Bates said that she received no compensation during her maternity leave, and Pratt said his job was put in jeopardy because he had to constantly commute from work and home to check on their children.

The Bon Appétit Management Company representative wrote that the collective bargaining agreement for hourly employees "allows for up to twelve weeks of maternity leave at the employee’s discretion, which is compliant with the Family Medical Leave Act and Philadelphia Pregnancy Leave Law."

Bates said that she felt like she would have to rely on her vacation hours and personal hours if she had taken the twelve-week leave, and she said that it would have been an unpaid leave, which was a sacrifice she could not make.

“I took off my hospital gown and two weeks later had to get back to work,” Bates said.

The most recent collective bargaining agreement between Bon Appétit and workers was in 2021, almost a decade after these same Falk workers partnered with student activists in early 2013 to demand union representation. After months of organizing, Bon Appétit workers at Hillel officially gained representation from the Teamsters Local 929 in April 2013. 

Initially, workers said that they were optimistic about this representation and believed that Penn was finally doing its part to enact necessary changes for the workers. 

However, as time passed, Wingate said that workers' experiences have worsened. Now, he said that dining hall workers at Hillel have seen their specific titles reduced to one general title – for example, "cook" – while they are still required to fulfill other tasks like cleaning, prepping, and working the cash register.

Teamsters Local 929 did not respond to an immediate request for comment.

Wingate said that Falk Dining Hall workers were asked to return to campus and package meals for virtual students in the midst of the COVID-19 pandemic. He said that it did not feel like they were considered essential workers, adding that they received no COVID-19 relief pay, were not given financial compensation, and when they asked for aid, they were given vouchers for local food drives.

Workers employed by Bon Appétit were also left in the dark about Penn's plans to reopen dining halls after students were set to return to campus in 2020, according to Wingate.

“We give the company everything and get nothing," Wingate said. "We are treated as 'at-will' employees."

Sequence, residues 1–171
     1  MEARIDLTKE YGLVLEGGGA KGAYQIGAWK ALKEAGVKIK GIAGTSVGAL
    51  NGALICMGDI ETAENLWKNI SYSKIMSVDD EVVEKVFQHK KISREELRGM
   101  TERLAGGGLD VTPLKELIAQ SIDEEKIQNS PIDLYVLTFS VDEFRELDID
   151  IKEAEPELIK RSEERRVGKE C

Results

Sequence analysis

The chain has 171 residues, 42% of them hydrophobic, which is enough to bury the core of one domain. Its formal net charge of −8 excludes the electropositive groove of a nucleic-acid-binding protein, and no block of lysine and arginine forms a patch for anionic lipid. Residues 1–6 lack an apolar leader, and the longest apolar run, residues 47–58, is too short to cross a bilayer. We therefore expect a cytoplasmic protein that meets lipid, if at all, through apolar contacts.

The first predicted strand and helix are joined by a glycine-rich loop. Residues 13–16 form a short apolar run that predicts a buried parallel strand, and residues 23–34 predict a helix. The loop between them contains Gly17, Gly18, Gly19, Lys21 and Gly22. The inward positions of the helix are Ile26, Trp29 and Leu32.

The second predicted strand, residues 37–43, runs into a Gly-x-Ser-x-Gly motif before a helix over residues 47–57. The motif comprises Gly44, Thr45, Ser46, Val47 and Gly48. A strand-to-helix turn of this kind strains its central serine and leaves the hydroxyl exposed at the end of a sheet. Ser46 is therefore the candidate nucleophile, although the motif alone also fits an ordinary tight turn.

Harris said that one of the workers' most pressing demands is inclusion in the AFSCME Local 54 union. Previously, the DP reported that over 100 Penn Dining workers are unionized under Local 54. Harris added that workers at Falk Dining Hall want the same benefits as other Penn Dining workers.

Wingate agreed, adding that all the small things that workers face on a day-to-day basis add up. He said that workers want access to Pottruck Health and Fitness Center, and they want to see their dedication to the University rewarded with compassion when going through hardships.

Lea-Kruger wrote that the terms of employment for Bon Appétit employees are governed by their collective bargaining agreement that was agreed upon earlier. This includes their job titles, wages, and benefits.

"As there are two separate unions, the CBAs are not identical," Kruger wrote. "However, in each case, the CBAs were mutually agreed upon by the Union and either the University, AFSME, or Bon Appétit, Teamsters, and ratified by a vote by union members."

Students told the DP that Falk Dining Hall is one of their favorite places to get food on campus, and they said  the staff plays a significant role in that. 

"I like eating at [Falk Dining Hall] because the staff is the friendliest, it tends to be less crowded, conditions are nicer, and people reciprocate the kindness," College sophomore Nathan Zhang said.

Harris said that he loves the students that come to the dining hall each day, but as he watches Penn develop new programs and build new infrastructure, it is striking to him that he and his co-workers remain stuck in what they view as a stagnant workplace. 

“Everything is elevating but us,” Harris said.